Prime Minister Boris Johnson finally released the nation from the Brussels bloc on January 31 after years of fierce fighting and political stalemate on Brexit’s next steps in Britain. Although the process is far from over, with the UK currently in a transitional period, Johnson has remained rebellious and Brexit will continue to happen despite a global coronavirus pandemic. But what key moment prompted Britain to finally take its path to freedom?
Here Express.co.uk outlines five important moments in history that could have brought 17.4 million people to support Brexit and will now let you decide.
The signing of the Maastricht Treaty in February 1992 is said to have sown the seeds of discontent that led to Brexit.
Former Prime Minister Tory, John Major, was behind the signing of the Maastricht Treaty, a key step in the evolution of the EU.
It deepened integration between Member States by strengthening economic and political union and paved the way for the euro.
The treaty, which significantly increased the powers of the European Commission, was largely unpopular according to opinion polls and is what has probably divided the conservative party on the European question for decades.
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Brexit News: Express.co.uk is asking you what key event led to Brexit?
Sir John decided to ignore them and signed it in 1992.
During a speech in Brussels, the politician born in Bristol expressed his desire to place “Great Britain at the center of Europe” with the Maastricht Treaty.
The treaty is the international agreement that saw what was then the EEC evolve into the EU with initially only 12 Member States.
Meanwhile, some argue that the political ramifications of Black Wednesday in September 1992 brought the United Kingdom on the road to Brexit.
Black Wednesday took place on September 16, 1992, when the government of mr. Major was forced to withdraw the pound from the European exchange rate mechanism.
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The pound has failed to stay above the lower exchange rate limit required by the ERM – the precursor of the single currency.
The economic consequences of this are estimated to have cost the treasury £ 3.3 billion since the pound has been devalued by 17 percent and interest rates have increased twice in a day from 10 to 12-15 percent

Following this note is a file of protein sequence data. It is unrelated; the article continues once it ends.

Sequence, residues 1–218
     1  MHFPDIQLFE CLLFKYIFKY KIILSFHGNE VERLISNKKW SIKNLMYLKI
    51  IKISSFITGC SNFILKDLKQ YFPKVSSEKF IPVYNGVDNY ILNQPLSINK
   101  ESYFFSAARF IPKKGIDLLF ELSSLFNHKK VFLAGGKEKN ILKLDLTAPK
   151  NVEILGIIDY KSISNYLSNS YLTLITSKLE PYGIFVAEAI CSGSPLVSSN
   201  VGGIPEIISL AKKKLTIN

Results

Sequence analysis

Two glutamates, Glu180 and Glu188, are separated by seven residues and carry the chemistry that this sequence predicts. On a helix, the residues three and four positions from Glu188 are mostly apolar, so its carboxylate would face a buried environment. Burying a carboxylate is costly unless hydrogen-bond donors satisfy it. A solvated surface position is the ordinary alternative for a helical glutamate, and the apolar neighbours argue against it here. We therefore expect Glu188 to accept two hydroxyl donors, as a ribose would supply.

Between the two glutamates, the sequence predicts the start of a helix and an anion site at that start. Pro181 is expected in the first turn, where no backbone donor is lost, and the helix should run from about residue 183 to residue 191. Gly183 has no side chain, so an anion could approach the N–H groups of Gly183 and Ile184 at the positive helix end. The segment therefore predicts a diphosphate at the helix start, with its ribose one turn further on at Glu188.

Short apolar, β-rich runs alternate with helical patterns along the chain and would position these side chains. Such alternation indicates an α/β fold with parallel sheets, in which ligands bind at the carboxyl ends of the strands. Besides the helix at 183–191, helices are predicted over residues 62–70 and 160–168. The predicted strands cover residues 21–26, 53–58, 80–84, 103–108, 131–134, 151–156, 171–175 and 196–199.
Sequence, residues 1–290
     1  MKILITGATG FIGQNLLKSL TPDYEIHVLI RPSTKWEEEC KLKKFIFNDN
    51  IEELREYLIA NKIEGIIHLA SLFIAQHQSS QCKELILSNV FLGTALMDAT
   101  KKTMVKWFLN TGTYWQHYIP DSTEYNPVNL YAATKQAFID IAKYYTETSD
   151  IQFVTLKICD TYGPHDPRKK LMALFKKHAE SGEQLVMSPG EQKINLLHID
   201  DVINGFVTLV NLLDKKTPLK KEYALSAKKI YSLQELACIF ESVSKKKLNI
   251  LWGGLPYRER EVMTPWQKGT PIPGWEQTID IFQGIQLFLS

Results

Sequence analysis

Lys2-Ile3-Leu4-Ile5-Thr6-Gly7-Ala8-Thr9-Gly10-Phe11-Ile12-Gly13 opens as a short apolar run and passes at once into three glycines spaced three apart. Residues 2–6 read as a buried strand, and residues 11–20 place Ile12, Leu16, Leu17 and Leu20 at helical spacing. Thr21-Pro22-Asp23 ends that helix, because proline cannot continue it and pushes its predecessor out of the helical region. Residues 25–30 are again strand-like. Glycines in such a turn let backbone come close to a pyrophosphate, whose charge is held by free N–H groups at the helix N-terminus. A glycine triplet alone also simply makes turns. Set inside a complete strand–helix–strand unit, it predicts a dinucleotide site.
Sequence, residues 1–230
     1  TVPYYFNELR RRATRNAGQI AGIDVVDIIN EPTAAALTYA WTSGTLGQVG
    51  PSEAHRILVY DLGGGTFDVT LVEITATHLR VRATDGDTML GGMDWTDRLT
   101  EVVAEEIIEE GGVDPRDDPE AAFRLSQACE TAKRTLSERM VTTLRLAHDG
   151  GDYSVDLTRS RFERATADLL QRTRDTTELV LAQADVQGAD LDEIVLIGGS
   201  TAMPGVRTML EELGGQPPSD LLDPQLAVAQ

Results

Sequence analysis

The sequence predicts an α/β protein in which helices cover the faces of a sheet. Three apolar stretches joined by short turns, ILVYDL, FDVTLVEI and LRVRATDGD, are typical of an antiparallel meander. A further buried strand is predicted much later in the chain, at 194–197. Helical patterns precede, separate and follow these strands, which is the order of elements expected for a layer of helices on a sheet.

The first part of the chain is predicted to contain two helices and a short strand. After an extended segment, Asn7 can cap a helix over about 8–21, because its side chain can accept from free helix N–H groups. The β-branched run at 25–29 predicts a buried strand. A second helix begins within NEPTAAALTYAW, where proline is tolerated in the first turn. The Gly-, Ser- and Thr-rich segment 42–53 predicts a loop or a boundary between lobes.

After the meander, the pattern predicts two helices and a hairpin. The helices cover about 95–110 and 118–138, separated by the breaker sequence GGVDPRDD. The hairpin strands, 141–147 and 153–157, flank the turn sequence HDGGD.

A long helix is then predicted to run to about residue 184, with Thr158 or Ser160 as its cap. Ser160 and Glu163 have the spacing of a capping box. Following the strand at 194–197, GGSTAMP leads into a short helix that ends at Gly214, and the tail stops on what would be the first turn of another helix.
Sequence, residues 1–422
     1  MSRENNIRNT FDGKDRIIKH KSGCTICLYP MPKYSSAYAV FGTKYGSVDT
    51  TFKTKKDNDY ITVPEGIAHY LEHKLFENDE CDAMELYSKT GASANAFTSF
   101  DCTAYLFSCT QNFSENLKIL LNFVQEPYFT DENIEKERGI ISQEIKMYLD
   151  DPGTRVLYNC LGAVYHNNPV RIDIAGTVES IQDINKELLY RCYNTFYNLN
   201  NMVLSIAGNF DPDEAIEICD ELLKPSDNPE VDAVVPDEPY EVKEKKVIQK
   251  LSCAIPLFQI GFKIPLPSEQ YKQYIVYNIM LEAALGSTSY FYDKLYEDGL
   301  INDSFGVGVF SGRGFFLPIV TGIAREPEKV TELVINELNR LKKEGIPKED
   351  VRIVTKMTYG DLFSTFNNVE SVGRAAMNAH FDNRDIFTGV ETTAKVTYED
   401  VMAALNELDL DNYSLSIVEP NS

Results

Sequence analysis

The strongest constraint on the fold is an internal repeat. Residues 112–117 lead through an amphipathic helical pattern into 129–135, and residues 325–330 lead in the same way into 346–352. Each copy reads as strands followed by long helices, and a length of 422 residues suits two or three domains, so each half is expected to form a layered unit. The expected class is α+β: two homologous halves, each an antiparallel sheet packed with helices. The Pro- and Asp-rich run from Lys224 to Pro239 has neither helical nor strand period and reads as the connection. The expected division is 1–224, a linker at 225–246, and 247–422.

The signing of the Lisbon Treaty in December 2007 is also significant for British Brexit as it formalizes the right to hand over power to Member States to leave the EU.
It entered into force as part of the blockade’s quest to make the organization “more democratic, more transparent and more efficient”.
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It established a set of rules and places including the introduction of the EU presidency and Article 50 – the formal process for leaving the blockade – which was eventually activated by Johnson’s predecessor, Theresa May.
Article 50 states: “Each Member State may decide to withdraw from the Union in accordance with its constitutional rules”.
But some argue that the European debt crisis, which has plagued the euro area since 2009, could have triggered Brexit.
Between 2009 and 2013, Portugal, Italy, Ireland, Greece and Spain approached the non-payment of the money borrowed by their government, known as sovereign debt.
Brexit news: the five key moments that led to Brexit
Eventually the EU and the IMF went to the rescue in Greece, Ireland and Portugal.
This has led to political and social chaos in a context of economic austerity and richer nations, such as Britain, have been frustrated with supporting other Member States.
And recently, the former Prime Minister David Cameron’s inability to get a reform deal with the blockade is said to have triggered the important vote on Brexit in Britain.
It certainly forced Cameron’s hand when it came to offering the British a vote on the nation’s accession to the EU.
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Cameron attempted and failed to review the way Brussels operates in view of the historic EU vote.
The EU has rejected Mr. Cameron for EU citizens to live in the UK for four years before benefiting from state benefits.
He also asked for financial and economic guarantees for countries outside the euro area,
and that Britain was excluded from the principle of “ever closer union”.
His failure to convince the EU to retreat has sparked a rioting in Brexiteers angry about the control of Brussels.